Researchers prevented shock and multiple organ failure in experimental animals by blocking powerful pancreatic digestive enzymes in the intestine, according to studies by bioengineers with the Jacobs School of Engineering at the University of California, San Diego. This fundamental breakthrough could lead to therapies to prevent and treat ischemic shock in people who experience shock following blood loss from traumatic injury or high-risk surgery. The work also provides clues into the cellular mechanisms that lead to shock.
The research report titled "Generation of In Vivo Activating Factors in the Ischemic Intestine by Pancreatic Enzymes" will be published in the Proceedings of the National Academy of Sciences on February 15. The principal investigator of the study is Geert Schmid-Schoenbein, professor of bioengineering at the Jacobs School of Engineering, and the work was funded by the National Heart, Lung, and Blood Institute. The research was conducted with Hiroshi Mitsuoka and Erik Kistler in Schmid-Schoenbein's Microcirculation Research Laboratory.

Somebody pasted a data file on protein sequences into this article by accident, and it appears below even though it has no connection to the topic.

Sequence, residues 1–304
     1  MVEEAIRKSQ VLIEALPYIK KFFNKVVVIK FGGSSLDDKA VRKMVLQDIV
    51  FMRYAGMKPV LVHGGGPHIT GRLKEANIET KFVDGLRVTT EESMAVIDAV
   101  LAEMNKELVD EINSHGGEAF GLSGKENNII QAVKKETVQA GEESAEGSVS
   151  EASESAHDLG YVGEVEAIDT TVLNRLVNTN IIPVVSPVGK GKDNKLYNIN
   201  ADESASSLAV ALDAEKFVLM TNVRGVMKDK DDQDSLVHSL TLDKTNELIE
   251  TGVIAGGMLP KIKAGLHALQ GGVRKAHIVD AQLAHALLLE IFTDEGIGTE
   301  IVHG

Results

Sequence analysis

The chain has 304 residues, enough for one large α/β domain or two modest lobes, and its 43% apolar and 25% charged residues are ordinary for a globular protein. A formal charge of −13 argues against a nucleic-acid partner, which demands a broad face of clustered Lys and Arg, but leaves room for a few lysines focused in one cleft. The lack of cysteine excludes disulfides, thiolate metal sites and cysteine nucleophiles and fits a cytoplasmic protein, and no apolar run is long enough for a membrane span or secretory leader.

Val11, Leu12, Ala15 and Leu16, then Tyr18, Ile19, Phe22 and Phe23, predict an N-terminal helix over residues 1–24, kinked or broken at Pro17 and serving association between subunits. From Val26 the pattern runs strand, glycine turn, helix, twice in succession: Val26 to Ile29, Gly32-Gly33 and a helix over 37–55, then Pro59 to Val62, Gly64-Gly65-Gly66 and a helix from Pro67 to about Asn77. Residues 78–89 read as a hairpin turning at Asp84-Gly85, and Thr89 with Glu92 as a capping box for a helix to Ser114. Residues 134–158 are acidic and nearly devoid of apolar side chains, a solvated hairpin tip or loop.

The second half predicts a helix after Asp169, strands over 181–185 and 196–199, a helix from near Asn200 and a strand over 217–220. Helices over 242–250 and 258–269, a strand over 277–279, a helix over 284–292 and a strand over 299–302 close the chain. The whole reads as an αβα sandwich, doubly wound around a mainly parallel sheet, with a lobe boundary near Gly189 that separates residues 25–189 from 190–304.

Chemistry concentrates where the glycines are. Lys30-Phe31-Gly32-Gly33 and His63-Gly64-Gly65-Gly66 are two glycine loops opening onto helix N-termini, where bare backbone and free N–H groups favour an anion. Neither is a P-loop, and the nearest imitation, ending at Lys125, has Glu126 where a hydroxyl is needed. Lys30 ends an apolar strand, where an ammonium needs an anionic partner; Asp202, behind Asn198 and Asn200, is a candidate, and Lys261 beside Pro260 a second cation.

Ischemic shock occurs when blood pressure falls after blood loss or deep anesthesia. Vital organs are poorly perfused and literally starved of oxygen. Early symptoms include cold, clammy skin, mental confusion and inadequate production of urine. But shock can quickly lead to multiple organ failure and even death.
These symptoms are induced when activators in the blood stream turn on various cardiovascular cells including leukocytes (white blood cells) and endothelial cells (blood vessel walls). Abnormal interactions between leukocytes and endothelial cells produce inflammation, alter blood flow, and finally cut off delivery of oxygen to the organs.
But never before have researchers found strong evidence for the source
of the cell activators.
"The pancreas produces potent enzymes that can dige
Contact: Denine Hagen
University of California - San Diego